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Human Values pp 184-216 | Cite as

Law, Liberalism, and the Common Good

Chapter

Abstract

There is a tendency in contemporary jurisprudence to regard political authority and, more particularly, legal intervention in human affairs as having no justification unless it can be defended by what I shall call the principle of modern liberal autonomy (MLA). According to this principle, if consenting adults want to do something, unless it does specific harm to others here and now, the law has no business intervening. Harm to the self and general harm to society can constitute no justification for legal regulation or prohibition. So pervasive is this understanding of legal intervention in human affairs, that it is common now to encounter arguments in favour of permissive laws on, for example, private drug use, pornography, and sexual and reproductive choice, based on the idea that to intervene in these areas would constitute a breach of the liberal ideal.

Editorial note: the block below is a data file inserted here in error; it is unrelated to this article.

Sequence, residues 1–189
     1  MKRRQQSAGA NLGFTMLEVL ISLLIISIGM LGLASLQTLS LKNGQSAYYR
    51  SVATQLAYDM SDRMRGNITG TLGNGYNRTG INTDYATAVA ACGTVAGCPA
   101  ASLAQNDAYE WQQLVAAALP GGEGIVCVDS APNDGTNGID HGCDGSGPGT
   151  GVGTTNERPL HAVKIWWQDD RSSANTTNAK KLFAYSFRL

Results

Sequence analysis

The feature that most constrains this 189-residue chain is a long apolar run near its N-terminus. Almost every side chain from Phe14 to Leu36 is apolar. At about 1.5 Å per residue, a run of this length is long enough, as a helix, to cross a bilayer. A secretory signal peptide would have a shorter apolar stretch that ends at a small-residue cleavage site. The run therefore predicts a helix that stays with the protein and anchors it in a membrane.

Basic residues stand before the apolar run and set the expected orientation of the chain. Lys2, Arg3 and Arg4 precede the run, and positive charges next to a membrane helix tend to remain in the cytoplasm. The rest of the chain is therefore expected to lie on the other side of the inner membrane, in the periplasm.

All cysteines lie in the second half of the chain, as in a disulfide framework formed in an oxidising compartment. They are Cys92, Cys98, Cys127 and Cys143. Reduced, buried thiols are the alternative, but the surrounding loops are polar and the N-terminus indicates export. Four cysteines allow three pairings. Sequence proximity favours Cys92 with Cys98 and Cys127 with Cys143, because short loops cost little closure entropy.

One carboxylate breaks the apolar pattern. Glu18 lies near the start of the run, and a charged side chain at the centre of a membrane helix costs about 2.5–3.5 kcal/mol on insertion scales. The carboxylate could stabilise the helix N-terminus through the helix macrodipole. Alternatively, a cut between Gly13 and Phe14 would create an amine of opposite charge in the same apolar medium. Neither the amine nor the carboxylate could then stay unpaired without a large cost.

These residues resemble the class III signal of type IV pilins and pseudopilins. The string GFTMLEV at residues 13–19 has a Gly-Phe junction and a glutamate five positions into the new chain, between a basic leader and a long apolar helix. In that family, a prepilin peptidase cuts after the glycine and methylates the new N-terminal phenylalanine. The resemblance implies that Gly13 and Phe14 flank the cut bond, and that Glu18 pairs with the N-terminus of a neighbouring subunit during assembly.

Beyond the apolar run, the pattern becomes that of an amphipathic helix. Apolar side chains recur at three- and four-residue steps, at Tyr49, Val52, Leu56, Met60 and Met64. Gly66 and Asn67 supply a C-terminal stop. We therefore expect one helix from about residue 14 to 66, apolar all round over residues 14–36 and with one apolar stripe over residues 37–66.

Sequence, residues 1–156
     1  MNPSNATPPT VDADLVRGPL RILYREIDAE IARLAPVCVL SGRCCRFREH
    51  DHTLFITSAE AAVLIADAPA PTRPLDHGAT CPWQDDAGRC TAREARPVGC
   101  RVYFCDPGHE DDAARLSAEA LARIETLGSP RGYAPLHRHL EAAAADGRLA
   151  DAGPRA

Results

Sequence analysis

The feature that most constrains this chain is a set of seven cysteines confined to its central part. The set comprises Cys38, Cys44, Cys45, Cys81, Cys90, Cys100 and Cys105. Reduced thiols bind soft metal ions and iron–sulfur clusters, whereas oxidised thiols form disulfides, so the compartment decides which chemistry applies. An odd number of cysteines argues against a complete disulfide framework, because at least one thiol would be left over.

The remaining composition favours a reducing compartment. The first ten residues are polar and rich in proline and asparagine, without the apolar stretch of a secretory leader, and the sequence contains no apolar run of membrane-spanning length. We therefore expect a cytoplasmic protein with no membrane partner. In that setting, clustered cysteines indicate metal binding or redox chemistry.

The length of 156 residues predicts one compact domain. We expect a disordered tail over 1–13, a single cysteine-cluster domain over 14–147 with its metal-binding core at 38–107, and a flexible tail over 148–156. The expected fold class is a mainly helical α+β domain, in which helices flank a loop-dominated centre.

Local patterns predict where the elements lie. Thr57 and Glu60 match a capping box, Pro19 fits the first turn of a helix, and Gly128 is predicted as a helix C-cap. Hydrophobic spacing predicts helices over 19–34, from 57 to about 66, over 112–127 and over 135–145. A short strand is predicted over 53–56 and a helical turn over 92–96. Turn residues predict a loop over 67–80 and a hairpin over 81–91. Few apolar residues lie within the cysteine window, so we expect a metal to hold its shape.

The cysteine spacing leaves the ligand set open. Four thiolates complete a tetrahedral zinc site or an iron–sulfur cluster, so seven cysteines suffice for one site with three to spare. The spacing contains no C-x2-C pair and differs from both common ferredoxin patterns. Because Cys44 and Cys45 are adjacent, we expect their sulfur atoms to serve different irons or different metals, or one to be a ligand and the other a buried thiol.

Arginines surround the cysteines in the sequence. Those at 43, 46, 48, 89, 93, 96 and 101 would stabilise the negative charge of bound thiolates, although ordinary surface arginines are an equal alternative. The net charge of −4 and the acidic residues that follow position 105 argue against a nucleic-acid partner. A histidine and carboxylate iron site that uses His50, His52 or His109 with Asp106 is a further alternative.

Keywords

Common Good Liberal Ideal Moral Objectivity Legal Intervention Donor Gamete 
These keywords were added by machine and not by the authors. This process is experimental and the keywords may be updated as the learning algorithm improves.

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Notes

  1. 1.
    J.S. Mill, On Liberty (London: Penguin, 1974): 68–9. For an opposing view, see Sir James Fitzjames Stephen, Liberty, Equality, Fraternity and Three Brief Essays (Chicago: University of Chicago Press, 1991 [1873]).Google Scholar
  2. 3.
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  9. 31.
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© Jacqueline A. Laing 2004

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